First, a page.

South Welo Zone, located in Amhara region, consists of seventeen weredas, with a total population of approximately 2,500,000 people. Thirteen weredas have been affected by the drought, six severely so. Five of these weredas are mainly belg producing, located in the highlands. The total estimated number of people affected as of June 2000 was 1,185,920 as compared to 786,000 in January.

As in most other drought-affected areas, food security in South Welo is precarious, among others, due to a high population density, small land holdings per household, heavy reliance on rain and decreasing soil fertility. South Welo is structurally food deficit, with much of the population chronically dependent on food aid. Many farmers supplement subsistence agriculture with cash income from seasonal labour, hiring out animals for transport or ploughing and/or the sale of firewood or charcoal. In times of stress, coping mechanisms include the sale of small livestock, productive assets such as mules, horses and oxen and —as a last resort— out-migration.

South Welo Zone has had unsatisfactory meher harvests since 1998 and belg harvest as of last year due to unfavourable climatic conditions. Prospects for the current meher season rainfall seem good, notwithstanding reports of hailstorms, frost and insect pests that have negatively impacted young plants. Livestock condition is much better than in 1999, although farmers are still suffering from a lack of oxen.

Nutrition surveys and missions carried out by the DPPB, NGOs, and WHO/ORHC indicate that malnutrition rates since May 1999 have been higher than usual and that this year malnutrition rates, in particular, are alarming in at least three weredas, passing the threshold of 15 per cent.

Where general food rations have not been adequate, a problem sometimes compounded by inappropriate targeting mechanisms, the impact of food distributions over the past couple of years has been limited. Because the DPPD in South Welo is not generally in favour of selective feeding programmes targeting the moderately and severely malnourished, distribution of supplementary food (blended food) has been mainly through wereda committees. This year, several NGOs have obtained permission to establish feeding programmes for the malnourished to improve the impact of supplementary food.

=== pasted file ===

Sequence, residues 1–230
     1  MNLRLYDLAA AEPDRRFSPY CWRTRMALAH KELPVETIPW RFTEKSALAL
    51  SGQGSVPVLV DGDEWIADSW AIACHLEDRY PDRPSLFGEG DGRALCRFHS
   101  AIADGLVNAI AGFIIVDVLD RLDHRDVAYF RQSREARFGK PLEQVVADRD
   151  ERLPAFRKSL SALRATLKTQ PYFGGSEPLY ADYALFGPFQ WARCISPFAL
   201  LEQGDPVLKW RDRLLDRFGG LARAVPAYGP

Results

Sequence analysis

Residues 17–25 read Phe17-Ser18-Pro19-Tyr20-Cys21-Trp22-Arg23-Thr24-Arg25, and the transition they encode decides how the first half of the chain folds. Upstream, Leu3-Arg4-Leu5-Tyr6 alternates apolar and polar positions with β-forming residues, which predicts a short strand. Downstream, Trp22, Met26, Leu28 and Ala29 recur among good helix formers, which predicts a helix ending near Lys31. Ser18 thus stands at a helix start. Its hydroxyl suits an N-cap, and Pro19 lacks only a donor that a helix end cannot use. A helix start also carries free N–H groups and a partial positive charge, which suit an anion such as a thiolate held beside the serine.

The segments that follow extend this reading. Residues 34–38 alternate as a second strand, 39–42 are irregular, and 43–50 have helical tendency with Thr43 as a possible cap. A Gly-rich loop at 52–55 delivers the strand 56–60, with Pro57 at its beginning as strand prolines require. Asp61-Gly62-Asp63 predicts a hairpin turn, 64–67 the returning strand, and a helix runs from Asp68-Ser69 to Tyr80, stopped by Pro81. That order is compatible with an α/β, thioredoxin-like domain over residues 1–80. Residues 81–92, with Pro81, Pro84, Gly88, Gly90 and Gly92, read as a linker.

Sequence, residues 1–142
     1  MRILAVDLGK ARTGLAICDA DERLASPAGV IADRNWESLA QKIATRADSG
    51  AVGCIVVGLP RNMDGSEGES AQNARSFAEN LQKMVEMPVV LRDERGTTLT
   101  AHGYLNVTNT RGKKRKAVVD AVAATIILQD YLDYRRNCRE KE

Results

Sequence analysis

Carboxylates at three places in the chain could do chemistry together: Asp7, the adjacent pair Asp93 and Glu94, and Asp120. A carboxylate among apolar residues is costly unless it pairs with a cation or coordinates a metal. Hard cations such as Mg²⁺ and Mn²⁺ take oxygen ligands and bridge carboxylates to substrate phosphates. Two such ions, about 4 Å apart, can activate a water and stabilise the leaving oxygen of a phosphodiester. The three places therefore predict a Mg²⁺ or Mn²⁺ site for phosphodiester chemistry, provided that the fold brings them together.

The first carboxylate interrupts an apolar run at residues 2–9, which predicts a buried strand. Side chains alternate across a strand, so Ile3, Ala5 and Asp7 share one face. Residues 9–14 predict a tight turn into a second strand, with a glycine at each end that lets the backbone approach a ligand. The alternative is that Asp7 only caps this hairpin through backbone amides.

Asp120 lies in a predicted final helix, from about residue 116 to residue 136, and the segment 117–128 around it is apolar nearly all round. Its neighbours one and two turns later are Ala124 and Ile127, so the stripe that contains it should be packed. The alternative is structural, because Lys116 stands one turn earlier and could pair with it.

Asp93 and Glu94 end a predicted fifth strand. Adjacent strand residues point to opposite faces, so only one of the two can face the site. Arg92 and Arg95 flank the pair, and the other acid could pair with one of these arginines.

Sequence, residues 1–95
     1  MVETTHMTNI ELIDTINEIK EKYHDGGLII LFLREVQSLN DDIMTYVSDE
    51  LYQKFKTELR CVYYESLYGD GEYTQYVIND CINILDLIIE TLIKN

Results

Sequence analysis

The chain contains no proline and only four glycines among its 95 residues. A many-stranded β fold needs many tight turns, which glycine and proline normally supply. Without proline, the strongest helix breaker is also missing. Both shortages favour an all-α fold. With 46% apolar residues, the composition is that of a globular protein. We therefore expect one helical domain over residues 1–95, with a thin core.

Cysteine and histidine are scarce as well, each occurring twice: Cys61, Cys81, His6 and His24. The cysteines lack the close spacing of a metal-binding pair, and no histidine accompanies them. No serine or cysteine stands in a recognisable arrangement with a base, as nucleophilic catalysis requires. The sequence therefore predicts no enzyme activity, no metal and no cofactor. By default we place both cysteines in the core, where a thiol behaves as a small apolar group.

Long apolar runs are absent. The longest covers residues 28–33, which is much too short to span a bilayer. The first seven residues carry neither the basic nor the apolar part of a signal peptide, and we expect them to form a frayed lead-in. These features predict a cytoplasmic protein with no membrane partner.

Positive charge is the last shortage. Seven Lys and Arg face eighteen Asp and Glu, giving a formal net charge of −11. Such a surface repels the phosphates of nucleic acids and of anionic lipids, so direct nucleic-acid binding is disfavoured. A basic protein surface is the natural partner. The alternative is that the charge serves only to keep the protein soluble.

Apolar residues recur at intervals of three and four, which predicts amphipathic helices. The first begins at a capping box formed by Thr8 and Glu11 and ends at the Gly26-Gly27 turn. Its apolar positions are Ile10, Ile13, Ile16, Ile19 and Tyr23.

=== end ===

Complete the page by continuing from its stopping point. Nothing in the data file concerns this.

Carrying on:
Likewise, general food distributions in 1999 and the first five months of this year have been, by and large, insufficient to cover the needs. In many cases, NGO involvement in supporting food distributions started only in May 2000 when larger quantities of DPPC food started to arrive in South Welo. Because the belg rains failed again this year, DPPC food distribution to belg producers is expected to continue to July next year because it is anticipated that they will have their harvest by then. DPPC food stocks are sufficient to provide food to all affected farmers until October and an additional two months to belg producers.

World Vision Complements Development with Emergency Activities

World Vision Ethiopia has been active in Welo since 1984. Its current programme in Tenta wereda in South Welo began in 1998 with a five-year agreement with the Government to do development work in the fields of agricultural, health and education promotion, credit, capacity building, and water resource development. However, when the belg rains failed in 1999, World Vision felt that it could react efficiently to the emergency because it already had a strong grass root presence in the wereda. Therefore, World Vision responded to the crisis by providing food assistance amounting to 2.5 million birr. This relief food was purchased locally and distributed during July and August 1999.